Sunday, January 2, 2011

Peter Boettke Pull the Trigger!

Following my post on Peter Boettke's interview about Ludwig von Mises, I received an email from an EPJ reader who wanted to correct me, when I wrote in the post:
I happen to think Mises was the greatest economic thinker of the 20th century. Boettke never comes out and says that, but he does list Mises achievements in monetary theory, in explaining the problems with calculation in a centrally planned economy and Mises use of the deductive method of analysis to generate a complete theory of economics.
The reader said that Boettke did, indeed, call Mises the greatest economist.

I actually listened to the entire one hour and 15 minute interview a second time to make sure that I wasn't in error. Boettke does early on say Mises was a great teacher, and well beyond the 45 minute mark Boettke does say that Mises' book Human Action is the greatest economics book ever written.

I'm sorry, but this doesn't do it for me. Boettke just didn't pull the trigger and call Mises the greatest economist. Yes, he did describe the specifics of Mises' achievements, but he never nailed down the grand picture.

It's as if the first plane ever invented by the Wright brothers was a jumbo jet, and someone asked a passenger to explain what the brothers invented, and the passenger says, "Well they invented this machine that has this great thing, wings, that give lift off, and the machine also has these great engines that give it power, and it includes a great navigating system so you know where you are at all times." This, of course, is all true. But how can you possibly list all these things and not say, "The brothers invented a damn flying machine!"?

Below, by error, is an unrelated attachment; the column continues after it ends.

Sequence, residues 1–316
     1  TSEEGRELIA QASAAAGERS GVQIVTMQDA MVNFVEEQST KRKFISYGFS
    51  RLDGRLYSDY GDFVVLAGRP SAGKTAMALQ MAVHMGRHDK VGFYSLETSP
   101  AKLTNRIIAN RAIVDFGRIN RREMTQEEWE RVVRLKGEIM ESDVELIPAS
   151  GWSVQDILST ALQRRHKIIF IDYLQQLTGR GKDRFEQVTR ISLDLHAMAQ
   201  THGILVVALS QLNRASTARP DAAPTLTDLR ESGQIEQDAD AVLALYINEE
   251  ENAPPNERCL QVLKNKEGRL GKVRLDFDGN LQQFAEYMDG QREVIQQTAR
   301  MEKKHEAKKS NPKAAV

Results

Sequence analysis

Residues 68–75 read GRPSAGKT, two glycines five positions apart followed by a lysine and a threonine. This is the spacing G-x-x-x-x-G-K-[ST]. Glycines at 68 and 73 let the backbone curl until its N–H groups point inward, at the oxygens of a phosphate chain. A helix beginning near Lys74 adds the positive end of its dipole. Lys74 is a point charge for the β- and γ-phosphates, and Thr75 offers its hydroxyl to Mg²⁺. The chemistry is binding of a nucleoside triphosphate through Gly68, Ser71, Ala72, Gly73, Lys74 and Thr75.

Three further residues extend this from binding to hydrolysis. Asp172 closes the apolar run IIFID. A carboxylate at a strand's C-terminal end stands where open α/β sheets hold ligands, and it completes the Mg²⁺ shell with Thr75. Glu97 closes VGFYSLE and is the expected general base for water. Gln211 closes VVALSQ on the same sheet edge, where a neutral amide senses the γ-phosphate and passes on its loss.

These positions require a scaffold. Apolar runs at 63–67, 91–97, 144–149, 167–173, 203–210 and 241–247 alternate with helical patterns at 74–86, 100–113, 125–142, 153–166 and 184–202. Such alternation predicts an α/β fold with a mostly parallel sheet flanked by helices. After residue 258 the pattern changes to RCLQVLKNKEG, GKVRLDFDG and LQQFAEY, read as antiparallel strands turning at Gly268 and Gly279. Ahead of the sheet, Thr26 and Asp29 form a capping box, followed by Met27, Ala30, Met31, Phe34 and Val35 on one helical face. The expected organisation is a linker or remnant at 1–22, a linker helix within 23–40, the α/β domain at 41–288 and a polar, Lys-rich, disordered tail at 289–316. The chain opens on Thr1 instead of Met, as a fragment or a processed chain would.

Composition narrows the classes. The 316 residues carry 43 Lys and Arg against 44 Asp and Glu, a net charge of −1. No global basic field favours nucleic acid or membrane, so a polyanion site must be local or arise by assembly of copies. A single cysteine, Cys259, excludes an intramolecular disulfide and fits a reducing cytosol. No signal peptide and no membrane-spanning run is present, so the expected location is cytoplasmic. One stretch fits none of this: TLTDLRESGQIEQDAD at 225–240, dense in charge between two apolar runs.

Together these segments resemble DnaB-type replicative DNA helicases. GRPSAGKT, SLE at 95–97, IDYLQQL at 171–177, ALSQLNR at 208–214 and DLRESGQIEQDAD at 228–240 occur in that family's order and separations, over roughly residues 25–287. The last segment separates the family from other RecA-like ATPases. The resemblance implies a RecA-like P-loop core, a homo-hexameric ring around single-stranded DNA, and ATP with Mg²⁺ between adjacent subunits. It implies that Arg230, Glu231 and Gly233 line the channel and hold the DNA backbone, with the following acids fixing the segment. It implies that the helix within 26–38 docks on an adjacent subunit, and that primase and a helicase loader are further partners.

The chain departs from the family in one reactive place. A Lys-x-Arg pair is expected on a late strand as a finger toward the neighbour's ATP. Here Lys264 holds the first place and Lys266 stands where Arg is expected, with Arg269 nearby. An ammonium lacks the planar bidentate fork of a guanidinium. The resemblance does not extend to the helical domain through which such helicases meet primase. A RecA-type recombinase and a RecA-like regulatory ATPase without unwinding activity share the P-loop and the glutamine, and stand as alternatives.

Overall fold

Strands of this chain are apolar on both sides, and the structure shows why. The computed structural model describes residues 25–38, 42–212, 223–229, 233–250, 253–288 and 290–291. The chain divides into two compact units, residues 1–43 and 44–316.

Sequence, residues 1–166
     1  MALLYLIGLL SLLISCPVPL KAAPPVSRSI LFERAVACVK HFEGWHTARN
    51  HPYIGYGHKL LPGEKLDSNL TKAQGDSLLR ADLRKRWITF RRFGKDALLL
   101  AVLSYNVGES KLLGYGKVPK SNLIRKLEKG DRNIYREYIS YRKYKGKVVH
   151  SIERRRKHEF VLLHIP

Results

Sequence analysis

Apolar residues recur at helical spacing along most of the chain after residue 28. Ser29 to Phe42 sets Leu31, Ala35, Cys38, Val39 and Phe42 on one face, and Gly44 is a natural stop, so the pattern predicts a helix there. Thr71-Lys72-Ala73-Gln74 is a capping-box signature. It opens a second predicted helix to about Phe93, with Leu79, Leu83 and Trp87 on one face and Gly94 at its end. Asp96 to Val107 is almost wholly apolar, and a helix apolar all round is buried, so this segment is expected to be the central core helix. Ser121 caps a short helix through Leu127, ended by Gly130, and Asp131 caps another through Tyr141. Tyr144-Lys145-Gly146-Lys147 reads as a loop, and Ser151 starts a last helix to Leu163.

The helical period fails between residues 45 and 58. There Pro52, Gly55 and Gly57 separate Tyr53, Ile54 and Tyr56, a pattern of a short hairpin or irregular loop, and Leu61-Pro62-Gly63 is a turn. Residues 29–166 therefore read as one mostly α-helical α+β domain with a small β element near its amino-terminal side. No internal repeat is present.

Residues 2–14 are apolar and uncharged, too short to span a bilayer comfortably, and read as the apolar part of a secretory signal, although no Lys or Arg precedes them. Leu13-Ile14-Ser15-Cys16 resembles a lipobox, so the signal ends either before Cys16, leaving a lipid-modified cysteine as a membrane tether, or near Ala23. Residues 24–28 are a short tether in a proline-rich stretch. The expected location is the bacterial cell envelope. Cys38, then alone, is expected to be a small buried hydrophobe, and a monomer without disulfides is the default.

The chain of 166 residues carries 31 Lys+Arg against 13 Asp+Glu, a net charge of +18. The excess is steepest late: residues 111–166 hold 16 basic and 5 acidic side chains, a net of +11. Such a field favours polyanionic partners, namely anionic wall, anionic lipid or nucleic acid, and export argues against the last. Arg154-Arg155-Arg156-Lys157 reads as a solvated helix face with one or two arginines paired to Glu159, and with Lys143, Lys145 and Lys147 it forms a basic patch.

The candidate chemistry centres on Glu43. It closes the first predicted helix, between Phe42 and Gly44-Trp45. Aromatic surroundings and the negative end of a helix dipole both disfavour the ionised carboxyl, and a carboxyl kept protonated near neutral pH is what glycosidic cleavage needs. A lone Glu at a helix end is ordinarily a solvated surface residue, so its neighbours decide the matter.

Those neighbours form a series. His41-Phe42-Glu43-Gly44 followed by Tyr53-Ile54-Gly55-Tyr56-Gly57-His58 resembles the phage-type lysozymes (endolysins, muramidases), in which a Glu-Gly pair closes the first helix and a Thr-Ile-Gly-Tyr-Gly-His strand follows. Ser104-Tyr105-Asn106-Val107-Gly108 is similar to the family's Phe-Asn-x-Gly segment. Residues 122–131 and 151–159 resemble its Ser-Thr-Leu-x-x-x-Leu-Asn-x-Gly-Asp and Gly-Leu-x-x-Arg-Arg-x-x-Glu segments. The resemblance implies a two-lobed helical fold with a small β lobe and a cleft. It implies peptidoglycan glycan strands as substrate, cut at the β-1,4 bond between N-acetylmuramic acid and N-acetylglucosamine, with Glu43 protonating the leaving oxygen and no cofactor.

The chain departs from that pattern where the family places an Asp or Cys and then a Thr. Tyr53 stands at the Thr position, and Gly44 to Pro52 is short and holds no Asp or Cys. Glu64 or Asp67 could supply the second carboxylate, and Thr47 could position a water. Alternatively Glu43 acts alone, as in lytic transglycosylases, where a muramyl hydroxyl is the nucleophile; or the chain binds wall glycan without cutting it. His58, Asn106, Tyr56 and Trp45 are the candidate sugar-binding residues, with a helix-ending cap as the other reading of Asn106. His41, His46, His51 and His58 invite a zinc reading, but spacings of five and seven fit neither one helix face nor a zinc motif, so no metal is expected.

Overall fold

The works of Ludwig von Mises are the equivalent in economics of inventing a damn flying machine. Yeah, Pete gets it right about the engine, wings and navigation system that Mises discovered, but he just never identifies the full scientific advancement Mises created.

Mises created a comprehensive system of economic theory, and even went beyond that in teaching that there is a complete science of human action (praxeology) that not only explains economics (the science of exchange) but beyond that a science that can explain coercion, in a scientific manner--and to boot Mises developed the methodology to advance the science.

Put simply, Mises was as much of a clear and thorough thinker as you are ever going to find. He was a genius. In a full ranging discussion of Mises, to discuss him in terms of this discovery, or that, without tying in the overall greatness of Mises is an insult to Mises. It is a great disservice.

Pete's a bright guy and I am not sure what is the reason for his constipation on this point, but that is what it is. I happen to think that Pete is a great economics teacher (Which doesn't make him the greatest economist) and he seems to be great developer of mnemonic devices that help understand economics (Which doesn't make him the greatest economist), but Pete needs to pull the trigger next time.  A reading of Jörg Guido Hülsmann's biography, Mises: The Last Knight of Liberalism informs us that in addition to his game-changing advancement of economics, Mises was a man of great courage. It didn't matter who was around him, or what the consequences were to his career, Mises always pulled the trigger.


  1. The greatest economist ever isn't applicable?

  2. Hello,
    Peter Boettke has pulled the trigger. In his interview with the Daily Bell (December 12, 2010) he says,"Personally, I consider Mises the greatest economist of all time, but I consider Hayek to be the greatest student of Mises."

  3. "he seems to be great developer of mnemonic devices that help understand economics"

    Would you care to name a few for us ?